array formula gives wrong result when using generated cel ranges

Occasional Contributor

has anyone encountered the problem shown in the figure below before? Is there a way to use generated cell ranges in combination with array functions?


Thx in advance 

Tom Suters



PS I use excel 2013 studentversion on Windows 10


18 Replies
I only know english so i'm not sure if i'm interpreting the functions correctly but it appears you are trying to pass TEXT to a function and that is why you are getting 0
So ADDRESS & ":" & ADDRESS will produce a text string not a range reference. You would need to put that inside of an INDIRECT function (but would avoid that if possible)


Your interpretation is correct.

@tomsuters sorry for the dutch. I also showed he wrong formulas. See the formulas that actually caused the error. 



indeed, you are correct, see my latest post below with the formula that actually caused the error.
correct. see my new post with the actual formula that caused the error. Seems very odd and would very much like to know if the error still exists in excel 365. Can you try it?
So that's interesting because for me #2 AND #3 result in 0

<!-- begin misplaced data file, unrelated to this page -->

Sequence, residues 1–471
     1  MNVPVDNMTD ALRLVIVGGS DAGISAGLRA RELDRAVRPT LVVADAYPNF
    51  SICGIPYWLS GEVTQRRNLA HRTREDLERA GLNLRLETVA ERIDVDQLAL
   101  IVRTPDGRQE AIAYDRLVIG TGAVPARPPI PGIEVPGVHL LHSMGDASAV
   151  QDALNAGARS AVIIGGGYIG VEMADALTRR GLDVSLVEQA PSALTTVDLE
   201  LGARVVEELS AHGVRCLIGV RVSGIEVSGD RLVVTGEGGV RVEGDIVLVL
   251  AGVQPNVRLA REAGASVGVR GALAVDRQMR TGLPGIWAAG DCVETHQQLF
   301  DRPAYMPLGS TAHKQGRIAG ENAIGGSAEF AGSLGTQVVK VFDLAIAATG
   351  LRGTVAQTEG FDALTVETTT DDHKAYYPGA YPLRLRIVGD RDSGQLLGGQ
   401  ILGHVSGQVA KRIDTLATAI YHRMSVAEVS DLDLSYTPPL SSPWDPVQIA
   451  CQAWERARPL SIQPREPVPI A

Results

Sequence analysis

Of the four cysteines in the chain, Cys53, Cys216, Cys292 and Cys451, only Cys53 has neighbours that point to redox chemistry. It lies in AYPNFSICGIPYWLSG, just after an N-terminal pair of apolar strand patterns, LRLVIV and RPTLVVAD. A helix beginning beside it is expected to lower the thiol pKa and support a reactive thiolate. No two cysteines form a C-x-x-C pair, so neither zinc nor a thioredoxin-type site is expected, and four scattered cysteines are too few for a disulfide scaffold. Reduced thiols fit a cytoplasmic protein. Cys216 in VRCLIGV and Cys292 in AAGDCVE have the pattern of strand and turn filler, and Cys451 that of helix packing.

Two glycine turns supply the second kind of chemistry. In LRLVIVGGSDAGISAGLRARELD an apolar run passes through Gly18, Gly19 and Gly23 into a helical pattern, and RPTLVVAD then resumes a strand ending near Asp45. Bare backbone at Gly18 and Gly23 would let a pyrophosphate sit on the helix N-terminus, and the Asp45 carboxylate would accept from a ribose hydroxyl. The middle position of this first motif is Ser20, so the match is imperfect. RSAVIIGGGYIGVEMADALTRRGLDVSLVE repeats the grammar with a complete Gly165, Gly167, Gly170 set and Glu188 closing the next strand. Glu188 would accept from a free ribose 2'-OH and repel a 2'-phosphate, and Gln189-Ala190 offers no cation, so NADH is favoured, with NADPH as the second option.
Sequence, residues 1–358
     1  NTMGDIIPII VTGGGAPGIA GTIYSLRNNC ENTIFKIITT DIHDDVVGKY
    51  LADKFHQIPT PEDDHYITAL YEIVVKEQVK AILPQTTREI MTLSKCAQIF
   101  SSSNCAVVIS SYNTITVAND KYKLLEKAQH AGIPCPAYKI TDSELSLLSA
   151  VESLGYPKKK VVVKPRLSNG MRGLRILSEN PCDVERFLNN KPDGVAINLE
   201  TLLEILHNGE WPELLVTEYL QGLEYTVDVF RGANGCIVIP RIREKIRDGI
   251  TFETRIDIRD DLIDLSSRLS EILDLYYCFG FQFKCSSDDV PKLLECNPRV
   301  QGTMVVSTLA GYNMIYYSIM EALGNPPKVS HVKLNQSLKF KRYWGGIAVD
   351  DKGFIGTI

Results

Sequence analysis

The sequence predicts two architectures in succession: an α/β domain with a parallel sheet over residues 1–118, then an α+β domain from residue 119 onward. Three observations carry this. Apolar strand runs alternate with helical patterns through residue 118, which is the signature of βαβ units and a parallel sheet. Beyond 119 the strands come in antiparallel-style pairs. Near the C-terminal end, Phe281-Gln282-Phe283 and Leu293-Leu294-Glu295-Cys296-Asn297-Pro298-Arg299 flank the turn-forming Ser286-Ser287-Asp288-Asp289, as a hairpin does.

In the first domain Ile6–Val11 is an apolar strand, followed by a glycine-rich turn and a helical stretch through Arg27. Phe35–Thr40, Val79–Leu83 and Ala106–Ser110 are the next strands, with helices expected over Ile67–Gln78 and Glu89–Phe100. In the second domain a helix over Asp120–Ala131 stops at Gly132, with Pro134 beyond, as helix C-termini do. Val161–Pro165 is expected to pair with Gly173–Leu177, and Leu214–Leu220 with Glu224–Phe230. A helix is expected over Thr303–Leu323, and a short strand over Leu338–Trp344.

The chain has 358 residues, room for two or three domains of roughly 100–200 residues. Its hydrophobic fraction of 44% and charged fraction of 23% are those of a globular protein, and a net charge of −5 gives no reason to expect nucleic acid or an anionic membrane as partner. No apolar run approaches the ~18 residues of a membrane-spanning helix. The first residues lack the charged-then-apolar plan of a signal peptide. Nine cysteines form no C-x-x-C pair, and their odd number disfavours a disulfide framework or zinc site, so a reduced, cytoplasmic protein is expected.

In both cases it is because SUM of T/F values is 0 and you have to convert them to be numerical so prefix the ISBLANK with -- or use N() and then both worked fine for me. But I'm also on Excel 365 with dynamic arrays so it could be completely different.
thx! So just to be sure: in 365 you use the exact formulas #2 and #3 (including the row() function) and you get the correct answer for both?
I didn't use the exact formulas in #2 and#3 but did include the main parts including the INDIRECT and the ROW() and in BOTH cases got the "WRONG" answer initially because ISBLANK returns T/F not values. I then added the -- before the ISBLANK or used N( ISBLANK( ... ) ) then THEN in BOTH cases got the "correct" answer. AND these results were the same whether I used the dynamic array default in Excel 365 or used the CSE (ctrl-shift-enter) array format (but since it is still running in excel 365 I'm not sure my CSE equation will behave the same as CSE running in an older version of excel like yours

@mtarler when stepping through the evaluation steps of my formula #3 (see pictures below), I discovered that Excel adds curly brackets around the result of the ROW() function.. This could be caused by the CSE action for the formula and 1) the fact that ROW() also allows array arguments and 2) is used inside the ISEMPTY() array function? I checked that the use of other non-array functions than ROW() inside ISEMPTY() do not create curly brackets around their result and do not cause errors.